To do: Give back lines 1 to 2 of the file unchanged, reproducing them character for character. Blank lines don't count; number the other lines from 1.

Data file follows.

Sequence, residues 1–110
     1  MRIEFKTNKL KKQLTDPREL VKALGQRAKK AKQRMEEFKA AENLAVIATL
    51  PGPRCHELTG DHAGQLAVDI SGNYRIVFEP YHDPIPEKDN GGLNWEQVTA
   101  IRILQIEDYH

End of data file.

Sequence, residues 1–110
     1  MRIEFKTNKL KKQLTDPREL VKALGQRAKK AKQRMEEFKA AENLAVIATL